Leave No One Behind: the importance of disability inclusion, gender equality and Australian aid

When the Sustainable Development Goals where launched they made a pledge to ‘reach the furthest behind first’. But is this actually happening? And what can be done for one of the most marginalised groups in the world; women and girls with disabilities?

Last week, I was delighted to launch CBM Australia’s new report, Leave No One Behind: Gender equality, disability inclusion and leadership for sustainable development.

At its heart, this paper has one clear message: that in seeking to leave no woman behind, we should be led by women and girls with disabilities themselves.

Women and girls with disabilities are often the most oppressed and marginalised in societies around the world. They are too often left behind, sitting at the periphery of our focus on both disability and gender.

They experience poorer outcomes than women without disabilities and men with disabilities in measures of employment, health and safety from violence:

  • In developing countries, 58.6 per cent of men with disabilities are employed, compared to just 20.1 per cent of women with disabilities.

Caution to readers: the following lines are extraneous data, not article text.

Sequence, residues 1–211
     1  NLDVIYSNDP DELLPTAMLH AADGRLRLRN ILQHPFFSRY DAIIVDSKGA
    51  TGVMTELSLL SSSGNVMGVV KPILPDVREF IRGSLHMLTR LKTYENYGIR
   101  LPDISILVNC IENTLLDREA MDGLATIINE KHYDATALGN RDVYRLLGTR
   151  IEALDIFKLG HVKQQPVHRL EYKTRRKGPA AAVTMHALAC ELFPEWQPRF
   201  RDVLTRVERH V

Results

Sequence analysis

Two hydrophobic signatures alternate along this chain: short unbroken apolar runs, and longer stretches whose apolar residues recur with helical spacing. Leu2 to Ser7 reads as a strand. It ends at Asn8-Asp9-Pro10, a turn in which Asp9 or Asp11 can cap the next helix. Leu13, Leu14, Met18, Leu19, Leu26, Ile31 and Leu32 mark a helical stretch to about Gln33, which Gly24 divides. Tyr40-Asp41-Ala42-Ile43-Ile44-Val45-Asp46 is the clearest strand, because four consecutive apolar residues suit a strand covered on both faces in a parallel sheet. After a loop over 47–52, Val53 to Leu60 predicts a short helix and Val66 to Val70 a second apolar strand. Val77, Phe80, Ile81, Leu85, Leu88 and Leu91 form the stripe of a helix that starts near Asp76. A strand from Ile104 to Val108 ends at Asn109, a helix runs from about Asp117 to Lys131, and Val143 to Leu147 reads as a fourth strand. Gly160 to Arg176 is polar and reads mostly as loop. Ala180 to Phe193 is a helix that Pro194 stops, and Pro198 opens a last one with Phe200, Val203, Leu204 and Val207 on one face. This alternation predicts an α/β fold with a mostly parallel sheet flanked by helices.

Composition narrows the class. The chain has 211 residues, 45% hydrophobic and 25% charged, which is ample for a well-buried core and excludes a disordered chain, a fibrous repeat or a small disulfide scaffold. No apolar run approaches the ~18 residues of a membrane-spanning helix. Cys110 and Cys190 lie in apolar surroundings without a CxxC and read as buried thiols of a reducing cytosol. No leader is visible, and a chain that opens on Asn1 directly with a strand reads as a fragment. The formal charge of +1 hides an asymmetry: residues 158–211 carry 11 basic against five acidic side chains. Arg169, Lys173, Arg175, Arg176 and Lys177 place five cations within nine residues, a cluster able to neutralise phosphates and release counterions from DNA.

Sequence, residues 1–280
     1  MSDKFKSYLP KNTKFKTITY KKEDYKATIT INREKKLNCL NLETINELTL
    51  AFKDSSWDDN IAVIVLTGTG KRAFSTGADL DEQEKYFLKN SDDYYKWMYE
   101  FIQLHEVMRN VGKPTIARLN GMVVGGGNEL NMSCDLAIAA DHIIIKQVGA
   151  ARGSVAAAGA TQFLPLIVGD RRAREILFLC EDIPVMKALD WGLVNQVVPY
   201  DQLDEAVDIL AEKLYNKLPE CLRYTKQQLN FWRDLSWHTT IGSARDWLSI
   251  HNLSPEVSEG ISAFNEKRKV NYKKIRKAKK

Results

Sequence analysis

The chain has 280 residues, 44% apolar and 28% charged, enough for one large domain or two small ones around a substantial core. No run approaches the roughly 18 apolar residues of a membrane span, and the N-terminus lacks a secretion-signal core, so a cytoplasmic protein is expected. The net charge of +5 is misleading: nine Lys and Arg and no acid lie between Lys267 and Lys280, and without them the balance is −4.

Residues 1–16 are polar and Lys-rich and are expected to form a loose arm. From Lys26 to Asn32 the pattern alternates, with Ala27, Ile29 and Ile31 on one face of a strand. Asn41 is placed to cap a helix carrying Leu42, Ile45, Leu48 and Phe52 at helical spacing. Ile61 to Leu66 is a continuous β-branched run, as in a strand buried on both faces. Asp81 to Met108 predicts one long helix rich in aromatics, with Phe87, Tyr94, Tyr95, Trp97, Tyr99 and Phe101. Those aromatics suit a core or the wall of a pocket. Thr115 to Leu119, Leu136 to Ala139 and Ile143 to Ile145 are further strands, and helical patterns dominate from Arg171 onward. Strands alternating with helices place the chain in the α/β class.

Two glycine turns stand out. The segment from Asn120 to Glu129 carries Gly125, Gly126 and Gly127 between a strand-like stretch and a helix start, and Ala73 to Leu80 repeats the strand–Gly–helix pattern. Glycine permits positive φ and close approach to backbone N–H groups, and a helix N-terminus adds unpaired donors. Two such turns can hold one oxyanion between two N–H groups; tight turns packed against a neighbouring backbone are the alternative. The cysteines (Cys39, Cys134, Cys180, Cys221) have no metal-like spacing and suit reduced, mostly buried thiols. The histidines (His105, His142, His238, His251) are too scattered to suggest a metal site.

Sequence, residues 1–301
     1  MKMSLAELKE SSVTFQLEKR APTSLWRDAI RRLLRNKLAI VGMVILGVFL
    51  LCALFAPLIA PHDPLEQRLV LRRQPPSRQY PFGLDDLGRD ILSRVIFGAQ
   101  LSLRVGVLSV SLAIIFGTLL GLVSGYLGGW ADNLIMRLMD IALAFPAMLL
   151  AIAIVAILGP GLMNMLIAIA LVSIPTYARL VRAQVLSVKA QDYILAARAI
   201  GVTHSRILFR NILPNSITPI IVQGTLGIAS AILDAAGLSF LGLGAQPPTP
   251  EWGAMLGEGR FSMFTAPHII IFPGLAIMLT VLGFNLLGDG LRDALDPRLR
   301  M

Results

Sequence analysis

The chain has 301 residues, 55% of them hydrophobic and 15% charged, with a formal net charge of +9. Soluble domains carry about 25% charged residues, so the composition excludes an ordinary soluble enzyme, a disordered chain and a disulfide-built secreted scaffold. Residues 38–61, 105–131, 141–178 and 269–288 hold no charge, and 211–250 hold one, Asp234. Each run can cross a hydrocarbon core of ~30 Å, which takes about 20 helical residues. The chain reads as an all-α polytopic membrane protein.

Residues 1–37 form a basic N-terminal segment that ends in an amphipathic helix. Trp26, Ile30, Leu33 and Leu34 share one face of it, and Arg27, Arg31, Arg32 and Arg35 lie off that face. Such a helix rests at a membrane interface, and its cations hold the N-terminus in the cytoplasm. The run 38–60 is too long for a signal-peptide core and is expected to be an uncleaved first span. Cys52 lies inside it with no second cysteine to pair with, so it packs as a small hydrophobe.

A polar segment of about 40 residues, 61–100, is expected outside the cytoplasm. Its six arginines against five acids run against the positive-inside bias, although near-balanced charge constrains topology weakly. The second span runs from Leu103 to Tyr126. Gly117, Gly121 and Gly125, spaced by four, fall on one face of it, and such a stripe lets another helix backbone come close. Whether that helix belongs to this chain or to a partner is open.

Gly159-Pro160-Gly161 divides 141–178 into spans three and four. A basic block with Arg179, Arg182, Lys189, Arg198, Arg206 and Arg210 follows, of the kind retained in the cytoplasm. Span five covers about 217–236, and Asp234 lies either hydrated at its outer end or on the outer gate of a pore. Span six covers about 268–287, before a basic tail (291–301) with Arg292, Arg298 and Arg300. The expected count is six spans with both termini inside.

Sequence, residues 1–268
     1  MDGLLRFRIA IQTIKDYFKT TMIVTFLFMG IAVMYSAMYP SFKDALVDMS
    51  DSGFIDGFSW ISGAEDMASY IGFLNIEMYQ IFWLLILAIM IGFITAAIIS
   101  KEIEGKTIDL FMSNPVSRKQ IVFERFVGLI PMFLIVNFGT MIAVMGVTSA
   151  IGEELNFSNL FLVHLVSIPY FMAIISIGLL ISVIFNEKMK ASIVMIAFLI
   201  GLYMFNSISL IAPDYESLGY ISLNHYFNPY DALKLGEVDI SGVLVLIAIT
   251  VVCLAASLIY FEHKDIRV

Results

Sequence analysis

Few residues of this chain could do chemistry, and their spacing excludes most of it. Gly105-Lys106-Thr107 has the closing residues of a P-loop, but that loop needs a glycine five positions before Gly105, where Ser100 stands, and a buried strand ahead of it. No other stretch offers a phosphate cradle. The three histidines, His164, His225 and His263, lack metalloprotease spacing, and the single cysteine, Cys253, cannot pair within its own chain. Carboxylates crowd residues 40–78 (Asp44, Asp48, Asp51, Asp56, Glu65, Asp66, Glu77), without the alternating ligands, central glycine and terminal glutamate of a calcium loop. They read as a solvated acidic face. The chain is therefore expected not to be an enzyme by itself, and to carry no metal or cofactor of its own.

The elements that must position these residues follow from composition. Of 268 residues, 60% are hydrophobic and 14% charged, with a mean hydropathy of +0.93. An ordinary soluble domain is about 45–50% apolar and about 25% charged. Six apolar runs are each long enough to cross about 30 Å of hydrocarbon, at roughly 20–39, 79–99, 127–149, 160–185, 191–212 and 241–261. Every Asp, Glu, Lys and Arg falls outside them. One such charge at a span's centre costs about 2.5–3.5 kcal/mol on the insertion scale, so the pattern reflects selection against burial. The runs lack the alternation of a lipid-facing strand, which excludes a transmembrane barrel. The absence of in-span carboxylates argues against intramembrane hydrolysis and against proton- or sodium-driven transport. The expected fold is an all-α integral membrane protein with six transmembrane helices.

• Women and girls with disabilities are two to three times more likely to experience physical or sexual violence than women without disabilities.
  • Women and girls with disabilities are routinely subject to forced and involuntary treatment, including sterilisation and hysterectomies at rates up to three times higher than other women.

These women are much more than numbers. They are complex people with varied identities – they are older women and young girls. They are ethnic and religious minorities. They are indigenous women and they are refugees.

They are mothers and daughters, friends and partners, and independent women forging their own futures.

In my role as CEO of CBM Australia, I have the privilege of getting to know many of these women and their stories.

Women and girls with disabilities experience complex layers of marginalisation, and face heightened barriers to achieving the targets set out in the Sustainable Development Goals framework. In order to truly ‘end all forms of discrimination against all women and girls everywhere’, an important part of the SDGs, particular attention must be given to the substantial global community of women and girls living at the intersection of gender and disability discrimination.

Some time ago, I travelled to the Indian state of Jharkhand, where CBM implements a community-based inclusive development program with support from the Australian Government’s Australian NGO Cooperation Program. Jharkhand is a hard place to be a woman.

Rates of early marriage are the highest in the country, and women face routine violence inside and outside the home, including public lynching on the basis of ‘witchcraft’.